“Successful companies are great at creating demand,” Tom adds. “You see them constantly active in awareness channels like social media and the press. Sharing and creating unique content, and capitalizing with innovative tactics like influencer marketing and even podcasting. You could say that brand is demand.
Our SaaS solution, e-days, serves a very specific part of HR - absence management. So we find success with very targeted PR campaigns to help change the way companies approach employee absence. Therefore, creating a sustainable flow of new demand for our product.
Not only that, but we’re present in key channels like SEO and PPC advertising with strong messages to capture them when they’ve entered the buying cycle. That is the model for successful demand generation.”
How to build a demand generation strategy
There’s no quick fix solution when it comes to demand generation marketing.
Demand generation takes a complex approach. Veronica French, Director of Demand Generation at Replicant says: “Great demand generation strategies are a perfect blend of your right brain and left brain.”
Veronica highlights that “The best thing you could do for your demand generation strategy is to balance scale and personalization.
You have high growth targets, so investing in scalable tactics like paid search, display advertising, and content syndication is key to hitting your numbers and growing your database.
But you need to balance that with building an authentic community and giving prospects or customers that warm fuzzy feeling. This involves higher effort tactics like hosting intimate events, creating a members-only club and branding it, giving the spotlight to your audience and inviting them on as guest speakers, or sending them handpicked gifts that are genuine and thoughtful.”
Below are our favorite strategies for demand generation.
Content marketing for demand generation
“Demand generation programs rely on large amounts of content and distribution,” says Megan Zink.
Big brands invest a lot in engaging video content, social media presence, publications on top news websites, etc. Do you think they do that for fun? Partly. The truth is, they know that relevant, quality content is the best way to get inside their prospects’ minds.
Filippo Piras of Shield explains how the combination of content marketing and consistent distribution strategy help to generate demand and attract prospects with buying intent:
76% of organizations say content marketing is important to their demand generation efforts.
If you haven’t done so yet, shift your focus to demand generation content now. It’s a type of content that speaks to people who haven’t even thought about looking for a solution like yours yet. Instead of nudging readers to buy, this content should make them aware of a certain problem and introduce your product or service unobtrusively.
“Content marketing is the most effective strategy for demand generation by a good margin.
You need to create comprehensive content that drives value while optimizing for SEO along the way. Don’t mix up the priorities here—writing purely for SEO is a costly investment.
Get marketers and content creators who can provide real insights, then figure out ways to format it in the ways your prospective customers love. Images, videos, interactive content, and the standard written posts can all be combined to generate more demand,” says Reuben Yonatan of GetVolP.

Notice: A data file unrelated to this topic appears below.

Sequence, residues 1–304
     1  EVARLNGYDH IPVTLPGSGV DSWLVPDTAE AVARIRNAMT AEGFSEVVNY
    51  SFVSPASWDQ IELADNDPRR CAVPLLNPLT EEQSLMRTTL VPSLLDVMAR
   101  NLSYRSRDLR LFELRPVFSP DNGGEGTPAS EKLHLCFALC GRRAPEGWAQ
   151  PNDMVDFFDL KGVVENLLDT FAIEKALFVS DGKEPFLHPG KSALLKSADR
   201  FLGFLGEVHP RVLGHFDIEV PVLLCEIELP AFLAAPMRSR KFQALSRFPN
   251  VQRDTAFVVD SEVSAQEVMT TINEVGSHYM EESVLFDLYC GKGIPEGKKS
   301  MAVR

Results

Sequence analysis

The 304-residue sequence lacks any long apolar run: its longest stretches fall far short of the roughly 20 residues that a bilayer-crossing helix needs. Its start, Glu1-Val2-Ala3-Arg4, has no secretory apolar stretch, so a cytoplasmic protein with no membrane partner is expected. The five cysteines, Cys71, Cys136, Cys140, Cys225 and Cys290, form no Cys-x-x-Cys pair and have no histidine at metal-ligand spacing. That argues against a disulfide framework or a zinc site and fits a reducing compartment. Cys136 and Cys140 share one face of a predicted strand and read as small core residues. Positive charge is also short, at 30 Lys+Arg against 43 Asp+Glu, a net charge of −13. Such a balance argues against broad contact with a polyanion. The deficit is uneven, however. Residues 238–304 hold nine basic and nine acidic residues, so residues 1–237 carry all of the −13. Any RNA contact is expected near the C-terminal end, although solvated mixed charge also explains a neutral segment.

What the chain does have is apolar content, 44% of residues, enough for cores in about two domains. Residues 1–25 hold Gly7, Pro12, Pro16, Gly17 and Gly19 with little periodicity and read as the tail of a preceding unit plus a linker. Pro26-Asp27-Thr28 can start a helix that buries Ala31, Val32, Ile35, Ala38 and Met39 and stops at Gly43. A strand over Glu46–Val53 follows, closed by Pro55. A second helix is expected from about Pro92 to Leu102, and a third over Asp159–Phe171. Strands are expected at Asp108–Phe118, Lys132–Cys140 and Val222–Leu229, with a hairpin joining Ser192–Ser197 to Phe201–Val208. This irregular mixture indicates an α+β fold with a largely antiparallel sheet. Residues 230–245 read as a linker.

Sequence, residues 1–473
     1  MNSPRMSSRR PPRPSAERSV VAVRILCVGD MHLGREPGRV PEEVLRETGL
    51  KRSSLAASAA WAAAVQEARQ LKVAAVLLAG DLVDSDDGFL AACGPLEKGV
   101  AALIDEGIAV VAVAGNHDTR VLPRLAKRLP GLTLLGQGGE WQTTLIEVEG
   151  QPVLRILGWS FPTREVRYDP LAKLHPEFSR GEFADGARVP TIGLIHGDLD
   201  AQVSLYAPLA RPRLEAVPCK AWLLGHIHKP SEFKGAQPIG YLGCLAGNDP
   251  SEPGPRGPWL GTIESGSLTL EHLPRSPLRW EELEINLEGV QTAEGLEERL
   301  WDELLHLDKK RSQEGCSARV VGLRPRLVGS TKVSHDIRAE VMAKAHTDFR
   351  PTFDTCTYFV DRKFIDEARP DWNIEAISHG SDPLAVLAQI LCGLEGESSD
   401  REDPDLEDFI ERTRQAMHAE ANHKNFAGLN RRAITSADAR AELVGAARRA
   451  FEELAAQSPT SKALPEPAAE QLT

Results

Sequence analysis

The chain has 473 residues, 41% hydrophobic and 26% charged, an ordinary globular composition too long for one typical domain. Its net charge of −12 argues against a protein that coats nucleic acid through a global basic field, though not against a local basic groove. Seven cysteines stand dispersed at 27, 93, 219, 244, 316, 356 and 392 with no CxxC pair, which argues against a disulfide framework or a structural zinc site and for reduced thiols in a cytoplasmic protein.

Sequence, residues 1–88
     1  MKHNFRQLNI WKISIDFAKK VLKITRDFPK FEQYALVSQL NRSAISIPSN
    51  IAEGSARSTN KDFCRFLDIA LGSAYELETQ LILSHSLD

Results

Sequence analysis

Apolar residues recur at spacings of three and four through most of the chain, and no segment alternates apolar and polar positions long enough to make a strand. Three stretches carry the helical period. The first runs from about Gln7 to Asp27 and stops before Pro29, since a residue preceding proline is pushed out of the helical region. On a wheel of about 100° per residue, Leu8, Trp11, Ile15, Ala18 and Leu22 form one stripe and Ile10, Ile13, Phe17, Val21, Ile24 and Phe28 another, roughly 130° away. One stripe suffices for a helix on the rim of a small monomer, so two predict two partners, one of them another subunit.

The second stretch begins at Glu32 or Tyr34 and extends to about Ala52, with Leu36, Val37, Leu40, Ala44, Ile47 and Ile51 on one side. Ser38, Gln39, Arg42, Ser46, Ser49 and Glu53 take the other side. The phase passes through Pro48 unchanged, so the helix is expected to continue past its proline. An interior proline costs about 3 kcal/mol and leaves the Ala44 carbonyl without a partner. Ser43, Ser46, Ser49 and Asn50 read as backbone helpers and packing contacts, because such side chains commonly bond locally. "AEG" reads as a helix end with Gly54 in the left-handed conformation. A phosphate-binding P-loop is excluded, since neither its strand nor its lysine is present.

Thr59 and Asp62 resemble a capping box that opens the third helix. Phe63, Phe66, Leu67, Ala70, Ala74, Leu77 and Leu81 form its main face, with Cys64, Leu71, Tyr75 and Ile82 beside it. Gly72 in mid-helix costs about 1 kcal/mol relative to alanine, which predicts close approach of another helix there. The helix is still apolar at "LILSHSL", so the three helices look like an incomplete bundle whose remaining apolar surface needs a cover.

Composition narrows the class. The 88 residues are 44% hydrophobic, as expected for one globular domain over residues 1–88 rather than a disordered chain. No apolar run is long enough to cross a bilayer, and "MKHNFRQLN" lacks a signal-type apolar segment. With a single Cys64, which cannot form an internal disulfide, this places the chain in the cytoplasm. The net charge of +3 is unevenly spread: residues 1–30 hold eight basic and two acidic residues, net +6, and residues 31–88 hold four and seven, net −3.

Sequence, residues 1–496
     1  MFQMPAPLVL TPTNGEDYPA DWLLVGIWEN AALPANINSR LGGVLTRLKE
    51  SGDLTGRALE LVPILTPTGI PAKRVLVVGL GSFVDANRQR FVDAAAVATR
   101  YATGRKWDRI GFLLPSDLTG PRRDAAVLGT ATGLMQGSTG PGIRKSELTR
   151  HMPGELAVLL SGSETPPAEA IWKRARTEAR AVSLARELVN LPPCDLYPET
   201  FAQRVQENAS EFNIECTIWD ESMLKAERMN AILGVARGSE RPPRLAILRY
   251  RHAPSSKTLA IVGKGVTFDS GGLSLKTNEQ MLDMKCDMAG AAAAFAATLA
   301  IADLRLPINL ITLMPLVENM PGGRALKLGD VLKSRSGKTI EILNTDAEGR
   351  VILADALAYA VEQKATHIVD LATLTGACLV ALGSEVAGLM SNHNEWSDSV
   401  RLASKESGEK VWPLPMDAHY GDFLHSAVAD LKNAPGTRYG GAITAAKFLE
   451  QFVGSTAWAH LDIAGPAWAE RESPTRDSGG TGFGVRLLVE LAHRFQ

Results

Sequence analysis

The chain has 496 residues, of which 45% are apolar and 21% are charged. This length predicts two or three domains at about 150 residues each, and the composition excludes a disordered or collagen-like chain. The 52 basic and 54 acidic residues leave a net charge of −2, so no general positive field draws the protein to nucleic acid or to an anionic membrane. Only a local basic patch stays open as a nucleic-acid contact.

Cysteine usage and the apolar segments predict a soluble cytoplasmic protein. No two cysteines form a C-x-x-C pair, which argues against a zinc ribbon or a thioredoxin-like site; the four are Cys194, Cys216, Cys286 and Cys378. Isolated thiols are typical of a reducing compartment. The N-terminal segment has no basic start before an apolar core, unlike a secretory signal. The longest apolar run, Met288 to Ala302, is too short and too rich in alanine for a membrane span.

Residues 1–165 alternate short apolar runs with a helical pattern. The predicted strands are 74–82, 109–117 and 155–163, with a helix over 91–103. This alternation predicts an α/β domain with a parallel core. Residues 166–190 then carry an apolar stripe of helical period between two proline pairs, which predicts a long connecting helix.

Source: Content Marketing Insitute
If you have to choose between using an ebook and a story evoking emotion to create demand, always go for storytelling. The percentage of demand generation content marketers who use storytelling/evoking emotion to nurture audiences increased to 49% last year, which speaks in favor of this approach.
To create engaging customer stories, you can use a brand advocacy program. Here’s how Jessica Day of IdeaScale approaches it: “The number one driver of inbound interest and our best list-builder tactic is still our customer content in the form of video, downloadables, shareable posts, reviews, and referrals.
The most important thing that has resulted in qualified inbound leads for IdeaScale was creating a repeatable brand advocacy program. In other words, we found a way to automatically identify our advocates, encouraged them to tell their story, turned those stories into case studies, reviews, speaking engagements, etc., and then we rewarded them with recognition and maybe even some SWAG or a gift card.”
Content syndication for demand generation
It’s all very well, but how do you put your great content in front of the right audience? Try content syndication.
Content syndication is a form of content distribution when online content is re-published by a third-party website.
The approach allows you to reach audiences beyond social media or your own website. When you display your content on third-party platforms, you have a chance of reaching people who might not otherwise be actively searching for it but get interested after coming across your publication.
The key difference of the syndicated content from traditional ads is in the way the information is presented – it doesn’t look salesy and offers only informative, engaging content.
How do you find opportunities for content syndication?
Paid content syndication
Paid content syndication can also be referred to as native advertising. If you go for it, your content will be recommended to audiences of big publishers’ websites, like CNN or HuffPost, without the need to negotiate each placement and pay huge sums of money to get featured on a world-famous website.